Feb 28, 2007

2007 Preview - Storyline

First off, Yankees: Five Things to Know.

This is the first part of a preview of the coming season. An overall season projection/prediction is first, followed by player projections and AL East team projections. I'll hold off on playoff predictions so not to jinx them (yes, I believe in that).

Opening Day Roster
OF: 4
Damon, Matsui, Abreu, Melky

IF: 9
Arod, Jeter, Cano, Giambi, Minky, Cairo, Phelps, Posada, Davis

SP: 5
Wang, Mussina, Pettitte, Igawa, Pavano

RP: 7
Mo, Farnsworth, Proctor, Myers, Vizcaino, Rasner, Villone (unfortunately)

Post-season Roster
OF: 5
Damon, Matsui, Abreu, Melky, K. Thompson

IF: 8
Arod, Jeter, Cano, Giambi, Minky, A. Gonzalez, Phelps, Posada

SP: 4
Wang, Mussina, Pettitte, Hughes

RP: 8
Mo, Farnsworth, Proctor, Myers, Vizcaino, Igawa, Britton, Sanchez

With the Yankees starting the season healthy (Pavano and Abreu coming back before opening day), they get off to a hot start, winning 18 games in April. Wang pitches decent enough, Mussina is great, and Pettitte struggles coming back to the AL, but is saved by an above-average month from Igawa and Pavano. Cano starts off hot, hitting .400, while Arod and Matsui each rack up 10 HR.

Mussina tweaks a muscle and goes on the 15-day DL. Jeff Karstens is called up and makes 3 starts with a 4.40 era. Giambi heats up, with a 1.000 OPS, while Abreu also gets hot, smacking about 10 HR.

Pavano's luck runs out and he tweaks his arm - 15-day DL. Karstens gets the call again. He pitches well, to a 4.30 era. Rivera pulls his groin, Farnsworth moves into the closer spot, and T.J. Beam gets the call over Britton or Bruney because of his advanced age and Britton's not-quite-ready secondary pitches and Bruney's continued control problems, but performs poorly. Jeter and Damon carry the offense, scoring 45 runs in the month.

Pettitte has arm issues, causing him to miss the whole month. Humberto Sanchez is the most ML-ready of the Scranton pitchers (with Karstens now the LR bullpen guy), so he gets the call, and pitches well, despite control problems, going 3-1 with a 4.30 era. But he also pulls a muscle, and goes down. Not wanting to bring Hughes up unless it's for good, Rasner gets 2 starts, going 1-1 with a 4.50 era.

The team is hit with a rash of injuries as Damon hurts his foot, Farnsworth tweaks a forearm, Wang experiences 'tightness' in his back, and Pavano gets his finger caught in a door. Melky plays a lot more in Damon's absence, with Kevin Thompson getting called up as the 4th OF. Bruney gets the call this time and overcomes his control problems to post an admirable era of 2.90. With 2 SPs down, Sanchez and Hughes are called up. Sanchez' control is improved, and Hughes pitches well, garnering a 3.90 era. Unfortunately, the trading deadline has passed, so Pavano is stuck with the team.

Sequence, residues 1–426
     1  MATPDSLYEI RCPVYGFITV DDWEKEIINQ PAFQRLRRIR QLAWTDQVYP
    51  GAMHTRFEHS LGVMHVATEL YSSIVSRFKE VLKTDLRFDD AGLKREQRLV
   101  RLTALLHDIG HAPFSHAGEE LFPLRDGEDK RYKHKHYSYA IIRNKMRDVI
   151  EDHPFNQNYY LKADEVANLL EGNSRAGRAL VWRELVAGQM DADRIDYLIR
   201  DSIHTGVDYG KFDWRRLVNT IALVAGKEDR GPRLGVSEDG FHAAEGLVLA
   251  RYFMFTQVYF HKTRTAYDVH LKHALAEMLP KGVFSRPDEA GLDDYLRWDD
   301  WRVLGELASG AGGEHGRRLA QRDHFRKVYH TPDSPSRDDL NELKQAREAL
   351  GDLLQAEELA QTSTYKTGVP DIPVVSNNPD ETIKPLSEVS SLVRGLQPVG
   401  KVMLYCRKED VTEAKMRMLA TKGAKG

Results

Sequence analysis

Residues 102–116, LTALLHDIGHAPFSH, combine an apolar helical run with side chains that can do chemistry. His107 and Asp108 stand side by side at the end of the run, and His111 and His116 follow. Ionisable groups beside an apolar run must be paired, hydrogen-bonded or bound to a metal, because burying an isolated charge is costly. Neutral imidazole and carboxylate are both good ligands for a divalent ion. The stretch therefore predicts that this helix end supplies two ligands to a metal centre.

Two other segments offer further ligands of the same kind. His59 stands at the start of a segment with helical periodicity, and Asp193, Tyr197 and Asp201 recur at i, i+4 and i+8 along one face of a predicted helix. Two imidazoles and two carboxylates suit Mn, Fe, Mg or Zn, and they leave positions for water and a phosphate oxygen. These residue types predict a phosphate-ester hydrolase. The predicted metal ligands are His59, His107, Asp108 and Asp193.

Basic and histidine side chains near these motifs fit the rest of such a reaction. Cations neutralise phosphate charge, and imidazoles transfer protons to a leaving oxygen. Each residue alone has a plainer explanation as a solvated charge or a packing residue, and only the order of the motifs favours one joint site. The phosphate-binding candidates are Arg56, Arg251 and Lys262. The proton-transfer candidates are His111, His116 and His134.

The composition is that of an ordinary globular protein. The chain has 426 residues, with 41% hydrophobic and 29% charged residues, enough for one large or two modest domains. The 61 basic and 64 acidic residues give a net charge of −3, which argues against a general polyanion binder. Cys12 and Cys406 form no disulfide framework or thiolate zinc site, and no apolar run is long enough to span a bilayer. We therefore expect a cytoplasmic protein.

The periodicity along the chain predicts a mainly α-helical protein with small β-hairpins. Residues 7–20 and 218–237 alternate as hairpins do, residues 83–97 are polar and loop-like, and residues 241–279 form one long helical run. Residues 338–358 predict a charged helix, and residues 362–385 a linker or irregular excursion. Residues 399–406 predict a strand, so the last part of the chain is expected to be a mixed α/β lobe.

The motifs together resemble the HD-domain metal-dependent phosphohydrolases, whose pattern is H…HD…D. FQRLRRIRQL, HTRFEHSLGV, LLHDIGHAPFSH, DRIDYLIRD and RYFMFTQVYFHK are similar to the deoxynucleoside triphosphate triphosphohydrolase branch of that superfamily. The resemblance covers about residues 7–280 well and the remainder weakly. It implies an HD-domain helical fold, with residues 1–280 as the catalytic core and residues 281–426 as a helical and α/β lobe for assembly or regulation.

The Yanks enter with a comfortable 5 game lead over Boston. Matsuzaka is pitching well, and has a 3.40 era, but not too much better than Kei Igawa, who has a 4.25 era. Sanchez and Britton take over Villone and Rasner's bullpen spots, and Hughes takes over Pavano's rotation spot. Arod is the offensive hero of the month, hitting .380 with 10+ HRs. They cruise to another division title with 99 wins, 7 games ahead of Boston, and the best record in the A.L.

They take on Minnesota in the ALDS.

Feb 27, 2007

First Game of the Season

An intrasquad matchup between the Yogis (the A team, the major leaguers) and the Reggies (the B team, the minor league prospects). Kei Igawa started and pitched 2 scoreless innings, giving up one infield hit. Jeff Karstens started for the Reggies and also pitched 2 scoreless innings.
By the way, I love Iggy's pitch-face.

From MLB.com -

Torre said Jackson's starting pitcher, Jeff Karstens, stood out to him, as well as Berra's second hurler, Steven Jackson.

"I just like his arm," Torre said of Jackson, who was acquired in January's Randy Johnson trade. "It looks like he's really loose and the ball comes out of his hand fairly easily."

Guys flying under the ST media radar:

Hilarious article tearing the NY Times' Murray Chass a new asshole.

What can you get for $2.35 million?

You can get a baseball card. The 'Holy Grail' of baseball cards in fact, which was sold yesterday for that price.

Feb 26, 2007

Blackburn re-signed

Giants LB Chase Blackburn was re-signed on Friday to a $3.3 million, 4-year deal. I like this move a lot. Blackburn has been a very nice surprise since coming to the Jints as an undrafted free agent in 2005. He's very strong, plays smart and aggressively, and is the best tackling LB on the team. If speculation holds, and Antonio Pierce moves to OLB, Blackburn could be the starting MLB this year. The deal could be a bargain for the Giants.

Pavano has a 'bone bruise'

Pete Abraham reports. And it's unclear how long he'll be out. It could be a few days or a few weeks.